Pottery produced and used in the village was of hand-made coarse clay, well fired. Huwwar, the main material used by the village potters, was readily found in the limestone rock. This was mixed with sand mined from narrow, deep caves in the hard limestone within the village limits. The vessels produced were mainly large, barrel-shaped storage jars, cooking pots, cups and bowls.
The exposure of the Early Bronze Age village in the Refa'im Valley is of great importance for the study of settlement patterns at the end of the 3rd millennium BCE. Until now, researchers had believed that large cities, such as Arad and Megiddo, were destroyed by nomadic tribes at the end of the 3rd millennium BCE, and that for the next several hundred years, no permanent settlements existed in Canaan. With the exposure of the remains of other villages from the end of the 3rd millennium BCE, similar to that in the Refa'im Valley, it is now evident that a village culture replaced the destroyed urban one and that these rural settlements were established by the population that had abandoned the fortified cities.
The Later Village
During the Middle Bronze Age (1750-1550 BCE), a new Canaanite village was established in the Refa'im Valley with most of its houses built on those of the earlier village. The walls were built to their full height of fieldstones, laid lengthwise in layers, with a mortar of clay, straw and gravel between them. These sturdy walls have been preserved to a height of 2 m. Most floors were made of rock surfaces leveled with earth where needed; some floors were made of laid stone slabs. Dwellings were once more built individually, according to family size and topography. Stone stairs connected rooms of differing levels and provided access to the upper stories.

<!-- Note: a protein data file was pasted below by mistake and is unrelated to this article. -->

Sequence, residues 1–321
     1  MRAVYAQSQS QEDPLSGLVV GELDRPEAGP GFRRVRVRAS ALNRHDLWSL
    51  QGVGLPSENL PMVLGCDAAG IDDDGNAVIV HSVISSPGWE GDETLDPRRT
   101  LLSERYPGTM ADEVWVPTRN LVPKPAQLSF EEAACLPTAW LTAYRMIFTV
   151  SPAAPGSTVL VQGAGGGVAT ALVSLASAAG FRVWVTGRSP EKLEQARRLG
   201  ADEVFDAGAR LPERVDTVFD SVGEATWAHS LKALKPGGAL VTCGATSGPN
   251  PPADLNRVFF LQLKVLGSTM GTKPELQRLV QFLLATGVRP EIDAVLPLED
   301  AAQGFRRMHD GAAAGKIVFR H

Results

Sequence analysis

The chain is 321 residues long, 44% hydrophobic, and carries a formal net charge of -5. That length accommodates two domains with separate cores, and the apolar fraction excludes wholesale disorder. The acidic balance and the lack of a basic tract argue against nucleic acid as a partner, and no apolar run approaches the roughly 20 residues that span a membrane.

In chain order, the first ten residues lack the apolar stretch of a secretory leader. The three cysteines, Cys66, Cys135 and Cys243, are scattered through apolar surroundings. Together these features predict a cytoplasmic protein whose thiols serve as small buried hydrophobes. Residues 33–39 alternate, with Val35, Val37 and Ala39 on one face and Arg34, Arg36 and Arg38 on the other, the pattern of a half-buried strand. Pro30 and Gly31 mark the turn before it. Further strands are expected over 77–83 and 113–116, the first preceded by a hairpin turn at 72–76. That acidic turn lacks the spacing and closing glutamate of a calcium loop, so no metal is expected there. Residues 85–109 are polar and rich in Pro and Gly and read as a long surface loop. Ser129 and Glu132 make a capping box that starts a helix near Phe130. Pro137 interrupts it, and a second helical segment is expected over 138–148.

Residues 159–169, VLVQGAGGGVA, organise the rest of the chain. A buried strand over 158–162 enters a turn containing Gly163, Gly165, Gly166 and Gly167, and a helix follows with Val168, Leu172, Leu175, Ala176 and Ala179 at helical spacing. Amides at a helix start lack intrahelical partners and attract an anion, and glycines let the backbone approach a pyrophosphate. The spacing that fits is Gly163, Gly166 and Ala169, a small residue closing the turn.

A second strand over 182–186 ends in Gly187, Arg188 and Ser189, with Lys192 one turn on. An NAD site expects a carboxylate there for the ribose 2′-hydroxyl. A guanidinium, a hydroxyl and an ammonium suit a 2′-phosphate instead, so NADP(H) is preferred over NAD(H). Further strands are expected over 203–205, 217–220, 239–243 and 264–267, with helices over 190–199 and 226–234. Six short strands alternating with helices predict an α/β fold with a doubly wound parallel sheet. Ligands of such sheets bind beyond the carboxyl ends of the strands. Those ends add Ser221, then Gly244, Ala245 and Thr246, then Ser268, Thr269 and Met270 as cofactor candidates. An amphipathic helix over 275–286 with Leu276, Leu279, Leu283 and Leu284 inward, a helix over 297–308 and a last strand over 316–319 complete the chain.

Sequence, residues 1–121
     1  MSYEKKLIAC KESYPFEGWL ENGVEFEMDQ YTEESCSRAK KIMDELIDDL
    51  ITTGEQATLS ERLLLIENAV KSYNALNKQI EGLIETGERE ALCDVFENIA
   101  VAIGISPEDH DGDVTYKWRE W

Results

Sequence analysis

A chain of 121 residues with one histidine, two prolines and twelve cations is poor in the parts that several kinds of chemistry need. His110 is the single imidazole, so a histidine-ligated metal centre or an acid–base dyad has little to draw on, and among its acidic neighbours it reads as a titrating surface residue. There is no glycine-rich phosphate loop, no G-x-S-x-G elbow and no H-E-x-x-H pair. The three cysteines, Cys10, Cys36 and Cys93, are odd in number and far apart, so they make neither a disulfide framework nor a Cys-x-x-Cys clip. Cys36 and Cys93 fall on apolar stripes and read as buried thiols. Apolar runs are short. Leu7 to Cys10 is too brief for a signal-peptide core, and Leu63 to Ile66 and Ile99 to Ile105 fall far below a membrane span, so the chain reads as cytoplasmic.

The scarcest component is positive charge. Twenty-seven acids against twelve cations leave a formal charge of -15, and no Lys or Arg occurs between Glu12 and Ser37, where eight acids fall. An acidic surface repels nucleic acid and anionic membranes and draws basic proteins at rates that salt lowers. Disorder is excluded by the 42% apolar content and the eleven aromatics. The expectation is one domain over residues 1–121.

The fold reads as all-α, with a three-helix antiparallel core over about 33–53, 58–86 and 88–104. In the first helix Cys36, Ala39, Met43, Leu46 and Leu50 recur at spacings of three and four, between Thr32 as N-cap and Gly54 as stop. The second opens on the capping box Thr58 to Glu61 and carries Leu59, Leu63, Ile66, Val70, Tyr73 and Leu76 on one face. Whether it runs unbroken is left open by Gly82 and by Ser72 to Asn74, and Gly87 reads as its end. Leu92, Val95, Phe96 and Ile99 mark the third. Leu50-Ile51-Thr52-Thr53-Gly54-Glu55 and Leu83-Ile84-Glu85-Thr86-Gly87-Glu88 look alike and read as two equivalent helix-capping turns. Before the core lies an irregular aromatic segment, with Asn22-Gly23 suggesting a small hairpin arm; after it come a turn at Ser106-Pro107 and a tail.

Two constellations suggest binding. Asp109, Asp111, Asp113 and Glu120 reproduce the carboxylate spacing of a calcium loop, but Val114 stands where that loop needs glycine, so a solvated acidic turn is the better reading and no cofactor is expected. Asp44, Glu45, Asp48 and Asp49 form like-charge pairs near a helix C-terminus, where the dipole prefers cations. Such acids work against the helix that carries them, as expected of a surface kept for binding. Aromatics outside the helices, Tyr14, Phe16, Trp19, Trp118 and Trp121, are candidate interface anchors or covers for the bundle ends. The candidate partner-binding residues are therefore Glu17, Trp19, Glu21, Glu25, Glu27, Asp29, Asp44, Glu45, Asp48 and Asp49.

Daily life in the Canaanite village in the Refa'im Valley is illustrated by the finds in the abandoned houses. These include numerous grinding stones for processing food, ovens for cooking and even a stone silo for grain storage. The grain cultivated here was harvested with wooden sickles into which flint blades had been inserted. Axes, knives, awls and bronze needles were also widely used in the village.
The Temple. In the southwestern part of the village and separate from its houses, was a rectangular (10 x 6 m.) building with thick, carefully constructed walls, which appears to have been the village temple. The entrance faced east and two short pilaster-walls extended from its façade. The internal space of the temple, which was paved with stone slabs, was divided by a partition into a narrow entrance room and a square hall. The temple stood in the center of a courtyard (temenos) surrounded by a stone fence. A small square room abutting the temple served for the storage of small clay votive vessels and a variety of cultic objects, which were found in the excavations.
The Canaanite village was situated within the area of control of the city-state of Jerusalem, the main city in this hill country, called "Shalem" in the Bible (Genesis 33:18) and "Urusalim" in royal Egyptian sources of that period. During the 18th century BCE, Jerusalem was fortified with an impressive wall, remains of which are currently being uncovered. The excavated village in the Refa'im Valley was part of a network of such rural settlements in the valley; it was a time of peace and the villagers became prosperous, selling their agricultural surplus in the markets of Jerusalem.
The remains of the houses of this Canaanite village have been preserved within the Biblical Zoo of Jerusalem.
Sources: Israeli Foreign Ministry